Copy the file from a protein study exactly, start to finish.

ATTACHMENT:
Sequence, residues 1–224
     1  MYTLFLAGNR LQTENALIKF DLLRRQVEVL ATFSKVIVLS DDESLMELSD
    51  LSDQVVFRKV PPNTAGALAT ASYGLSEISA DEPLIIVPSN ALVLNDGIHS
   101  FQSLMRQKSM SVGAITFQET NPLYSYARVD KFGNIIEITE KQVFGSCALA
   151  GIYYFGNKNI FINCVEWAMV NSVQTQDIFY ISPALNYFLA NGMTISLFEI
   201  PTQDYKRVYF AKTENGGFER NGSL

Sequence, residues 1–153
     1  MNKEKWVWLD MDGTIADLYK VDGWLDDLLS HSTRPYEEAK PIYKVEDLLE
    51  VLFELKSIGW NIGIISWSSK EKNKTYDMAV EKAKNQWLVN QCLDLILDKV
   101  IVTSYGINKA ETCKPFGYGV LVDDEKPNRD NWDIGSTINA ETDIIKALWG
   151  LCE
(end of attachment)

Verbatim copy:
Sequence, residues 1–224
     1  MYTLFLAGNR LQTENALIKF DLLRRQVEVL ATFSKVIVLS DDESLMELSD
    51  LSDQVVFRKV PPNTAGALAT ASYGLSEISA DEPLIIVPSN ALVLNDGIHS
   101  FQSLMRQKSM SVGAITFQET NPLYSYARVD KFGNIIEITE KQVFGSCALA
   151  GIYYFGNKNI FINCVEWAMV NSVQTQDIFY ISPALNYFLA NGMTISLFEI
   201  PTQDYKRVYF AKTENGGFER NGSL

Sequence, residues 1–153
     1  MNKEKWVWLD MDGTIADLYK VDGWLDDLLS HSTRPYEEAK PIYKVEDLLE
    51  VLFELKSIGW NIGIISWSSK EKNKTYDMAV EKAKNQWLVN QCLDLILDKV
   101  IVTSYGINKA ETCKPFGYGV LVDDEKPNRD NWDIGSTINA ETDIIKALWG
   151  LCE